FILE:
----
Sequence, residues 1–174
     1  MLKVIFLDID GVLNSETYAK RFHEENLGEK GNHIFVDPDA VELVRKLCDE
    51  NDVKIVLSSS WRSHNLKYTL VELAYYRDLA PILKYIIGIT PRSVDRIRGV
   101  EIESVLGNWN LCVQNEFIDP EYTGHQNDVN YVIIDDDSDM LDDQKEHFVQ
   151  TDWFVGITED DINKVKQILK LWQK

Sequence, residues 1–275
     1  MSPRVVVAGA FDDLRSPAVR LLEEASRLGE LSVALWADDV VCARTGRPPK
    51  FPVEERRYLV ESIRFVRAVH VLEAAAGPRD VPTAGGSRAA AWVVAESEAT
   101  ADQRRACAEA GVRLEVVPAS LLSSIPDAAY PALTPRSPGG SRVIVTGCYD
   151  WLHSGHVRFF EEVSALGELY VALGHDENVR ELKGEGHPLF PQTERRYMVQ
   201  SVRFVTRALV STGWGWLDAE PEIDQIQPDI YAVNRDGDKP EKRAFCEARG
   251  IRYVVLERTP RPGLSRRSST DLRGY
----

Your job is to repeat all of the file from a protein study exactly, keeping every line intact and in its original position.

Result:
Sequence, residues 1–174
     1  MLKVIFLDID GVLNSETYAK RFHEENLGEK GNHIFVDPDA VELVRKLCDE
    51  NDVKIVLSSS WRSHNLKYTL VELAYYRDLA PILKYIIGIT PRSVDRIRGV
   101  EIESVLGNWN LCVQNEFIDP EYTGHQNDVN YVIIDDDSDM LDDQKEHFVQ
   151  TDWFVGITED DINKVKQILK LWQK

Sequence, residues 1–275
     1  MSPRVVVAGA FDDLRSPAVR LLEEASRLGE LSVALWADDV VCARTGRPPK
    51  FPVEERRYLV ESIRFVRAVH VLEAAAGPRD VPTAGGSRAA AWVVAESEAT
   101  ADQRRACAEA GVRLEVVPAS LLSSIPDAAY PALTPRSPGG SRVIVTGCYD
   151  WLHSGHVRFF EEVSALGELY VALGHDENVR ELKGEGHPLF PQTERRYMVQ
   201  SVRFVTRALV STGWGWLDAE PEIDQIQPDI YAVNRDGDKP EKRAFCEARG
   251  IRYVVLERTP RPGLSRRSST DLRGY